The Australian dollar surged on Monday morning trading in Sydney on favorable commodity markets last Friday.
The currency was trading at 93.73 U.S. cents as of 6:30 a.m. local time, up from Friday’s close of 93.48 cents. The Aussie fell on Friday, down from Thursday’s close of 93.90 cents. So far, the currency has been trading below 94.00 cents, reported the Australian.
The Australian dollar was hurt by the surge in the prices of U.S. Treasury bonds, said Richard Yetsenga, the head of foreign exchange at ANZ. The Aussie has recently benefitted from decline in bond yields in most advanced economies, as local bond yields surged, attracting foreign investors.
“There’s a little bit of risk-off trade and that came through in the Aussie last night,” said Yetsenga. “It’s all about US Treasuries. People are waiting on the US market to give some direction.”
However, David de Ferranti, a market analyst with FXCM was of opinion that the fact that FX traders were cautious ahead of key economic data this week.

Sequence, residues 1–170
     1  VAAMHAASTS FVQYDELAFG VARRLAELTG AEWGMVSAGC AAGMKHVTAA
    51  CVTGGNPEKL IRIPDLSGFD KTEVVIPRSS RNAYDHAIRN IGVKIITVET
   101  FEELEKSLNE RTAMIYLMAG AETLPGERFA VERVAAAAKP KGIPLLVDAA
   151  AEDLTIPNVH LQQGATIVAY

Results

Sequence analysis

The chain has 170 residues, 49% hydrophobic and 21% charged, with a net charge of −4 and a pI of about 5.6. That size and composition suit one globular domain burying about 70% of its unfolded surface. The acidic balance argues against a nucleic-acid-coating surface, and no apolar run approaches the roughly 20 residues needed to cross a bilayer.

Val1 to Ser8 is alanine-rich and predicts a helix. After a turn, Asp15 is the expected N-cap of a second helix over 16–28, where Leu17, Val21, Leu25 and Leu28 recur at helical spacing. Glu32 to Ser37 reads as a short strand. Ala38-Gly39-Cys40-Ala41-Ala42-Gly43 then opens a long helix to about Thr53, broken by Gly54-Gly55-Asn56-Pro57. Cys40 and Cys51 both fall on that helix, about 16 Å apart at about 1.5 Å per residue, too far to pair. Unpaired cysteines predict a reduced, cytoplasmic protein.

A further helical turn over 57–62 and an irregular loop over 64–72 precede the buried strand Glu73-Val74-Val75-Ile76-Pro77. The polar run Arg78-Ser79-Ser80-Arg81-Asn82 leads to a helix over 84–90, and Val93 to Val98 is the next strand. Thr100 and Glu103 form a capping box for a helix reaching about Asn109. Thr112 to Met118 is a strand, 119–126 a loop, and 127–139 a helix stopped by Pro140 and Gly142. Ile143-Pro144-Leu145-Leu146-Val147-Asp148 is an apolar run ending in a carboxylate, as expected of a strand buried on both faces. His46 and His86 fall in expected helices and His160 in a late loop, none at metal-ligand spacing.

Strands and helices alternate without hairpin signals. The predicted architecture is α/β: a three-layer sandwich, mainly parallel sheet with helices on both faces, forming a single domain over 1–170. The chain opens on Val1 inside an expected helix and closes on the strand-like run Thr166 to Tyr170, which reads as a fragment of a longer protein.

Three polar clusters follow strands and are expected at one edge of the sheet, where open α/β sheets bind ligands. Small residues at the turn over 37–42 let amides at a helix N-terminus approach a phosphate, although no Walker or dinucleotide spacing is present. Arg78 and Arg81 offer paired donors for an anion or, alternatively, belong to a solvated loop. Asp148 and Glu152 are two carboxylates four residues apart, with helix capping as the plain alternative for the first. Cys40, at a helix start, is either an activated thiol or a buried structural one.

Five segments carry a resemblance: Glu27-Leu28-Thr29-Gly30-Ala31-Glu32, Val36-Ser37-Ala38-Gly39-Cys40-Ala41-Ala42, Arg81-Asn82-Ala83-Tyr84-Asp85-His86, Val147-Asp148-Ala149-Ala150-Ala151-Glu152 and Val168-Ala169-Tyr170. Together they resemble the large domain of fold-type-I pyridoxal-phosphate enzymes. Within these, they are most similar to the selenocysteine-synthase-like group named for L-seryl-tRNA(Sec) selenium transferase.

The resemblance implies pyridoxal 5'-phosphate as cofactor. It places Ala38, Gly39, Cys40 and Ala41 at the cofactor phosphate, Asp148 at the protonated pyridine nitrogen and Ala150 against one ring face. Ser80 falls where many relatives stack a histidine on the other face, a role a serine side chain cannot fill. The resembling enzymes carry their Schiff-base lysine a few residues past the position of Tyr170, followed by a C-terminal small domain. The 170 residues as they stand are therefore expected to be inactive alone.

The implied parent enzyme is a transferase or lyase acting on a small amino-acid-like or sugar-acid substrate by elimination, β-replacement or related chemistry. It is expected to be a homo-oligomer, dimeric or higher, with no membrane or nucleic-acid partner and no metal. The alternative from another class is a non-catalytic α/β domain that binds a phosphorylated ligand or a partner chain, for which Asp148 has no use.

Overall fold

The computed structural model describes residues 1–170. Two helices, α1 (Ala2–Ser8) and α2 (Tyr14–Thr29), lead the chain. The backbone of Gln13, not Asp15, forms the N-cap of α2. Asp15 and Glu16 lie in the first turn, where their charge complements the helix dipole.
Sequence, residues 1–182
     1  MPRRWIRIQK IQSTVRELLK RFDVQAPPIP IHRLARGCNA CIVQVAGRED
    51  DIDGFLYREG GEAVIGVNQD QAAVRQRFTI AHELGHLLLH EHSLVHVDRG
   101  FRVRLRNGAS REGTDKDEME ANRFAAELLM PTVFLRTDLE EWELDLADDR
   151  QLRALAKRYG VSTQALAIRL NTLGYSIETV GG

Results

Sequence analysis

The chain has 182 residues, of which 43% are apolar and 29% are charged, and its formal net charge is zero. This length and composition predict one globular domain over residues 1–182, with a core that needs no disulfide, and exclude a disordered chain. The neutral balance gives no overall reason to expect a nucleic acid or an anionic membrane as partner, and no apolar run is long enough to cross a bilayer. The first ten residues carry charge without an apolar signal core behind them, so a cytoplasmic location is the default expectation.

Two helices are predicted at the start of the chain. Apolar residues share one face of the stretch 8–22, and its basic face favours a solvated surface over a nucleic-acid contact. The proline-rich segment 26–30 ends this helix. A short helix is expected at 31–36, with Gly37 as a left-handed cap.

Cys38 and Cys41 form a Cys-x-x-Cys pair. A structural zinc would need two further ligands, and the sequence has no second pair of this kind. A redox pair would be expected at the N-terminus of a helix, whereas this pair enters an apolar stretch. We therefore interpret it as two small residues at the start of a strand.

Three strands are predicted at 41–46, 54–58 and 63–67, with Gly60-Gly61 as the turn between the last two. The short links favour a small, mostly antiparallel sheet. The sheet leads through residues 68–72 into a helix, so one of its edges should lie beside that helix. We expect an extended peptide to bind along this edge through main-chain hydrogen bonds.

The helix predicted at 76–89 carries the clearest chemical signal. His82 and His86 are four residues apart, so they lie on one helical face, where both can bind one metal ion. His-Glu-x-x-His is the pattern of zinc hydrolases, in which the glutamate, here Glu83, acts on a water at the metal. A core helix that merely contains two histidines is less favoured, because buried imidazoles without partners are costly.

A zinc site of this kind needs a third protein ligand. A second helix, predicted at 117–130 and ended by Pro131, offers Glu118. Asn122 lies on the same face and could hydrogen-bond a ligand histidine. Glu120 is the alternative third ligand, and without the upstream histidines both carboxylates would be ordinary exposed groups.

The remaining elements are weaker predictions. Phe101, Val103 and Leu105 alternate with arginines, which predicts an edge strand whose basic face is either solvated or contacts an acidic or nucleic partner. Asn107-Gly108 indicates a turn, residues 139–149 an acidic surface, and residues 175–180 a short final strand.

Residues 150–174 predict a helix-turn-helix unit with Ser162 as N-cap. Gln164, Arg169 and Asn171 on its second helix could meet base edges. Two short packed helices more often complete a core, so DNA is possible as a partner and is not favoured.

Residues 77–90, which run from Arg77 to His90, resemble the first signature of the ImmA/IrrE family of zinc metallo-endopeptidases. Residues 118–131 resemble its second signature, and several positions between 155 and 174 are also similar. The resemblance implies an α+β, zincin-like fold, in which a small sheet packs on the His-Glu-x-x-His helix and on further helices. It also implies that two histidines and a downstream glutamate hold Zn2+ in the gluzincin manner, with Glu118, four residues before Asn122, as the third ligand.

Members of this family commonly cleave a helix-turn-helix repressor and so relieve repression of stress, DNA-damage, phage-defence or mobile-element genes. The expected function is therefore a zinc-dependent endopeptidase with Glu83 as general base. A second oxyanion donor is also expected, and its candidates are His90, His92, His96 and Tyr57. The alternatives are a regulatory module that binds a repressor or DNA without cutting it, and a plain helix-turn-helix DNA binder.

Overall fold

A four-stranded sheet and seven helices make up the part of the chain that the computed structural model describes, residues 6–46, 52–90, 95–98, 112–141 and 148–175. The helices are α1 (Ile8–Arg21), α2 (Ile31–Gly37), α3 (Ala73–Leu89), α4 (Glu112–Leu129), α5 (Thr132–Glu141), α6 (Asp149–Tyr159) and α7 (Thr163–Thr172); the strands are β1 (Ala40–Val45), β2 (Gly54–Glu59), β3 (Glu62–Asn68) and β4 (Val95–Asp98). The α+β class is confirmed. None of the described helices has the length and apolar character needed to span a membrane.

“The marginal declines in the Australian and New Zealand dollars overnight are likely tied to broad-based risk aversion, which tends to weigh on the high-yielding currencies,” he said. “If we see the pullbacks in US equities continue, a drive to safe haven plays could see the Aussie finally drop back below the 93 US cent level.”
On Monday, the Australian Bureau of Statistics is expected to release data on merchandise imports, while the Reserve Bank of Australia is expected to announce the minutes of its board meeting in May on Tuesday. To register for a free 2-week subscription to ForexMinute Premium Plan, visit www.forexminute.com/newsletter.
To contact the reporter of this story; Jonathan Millet at firstname.lastname@example.org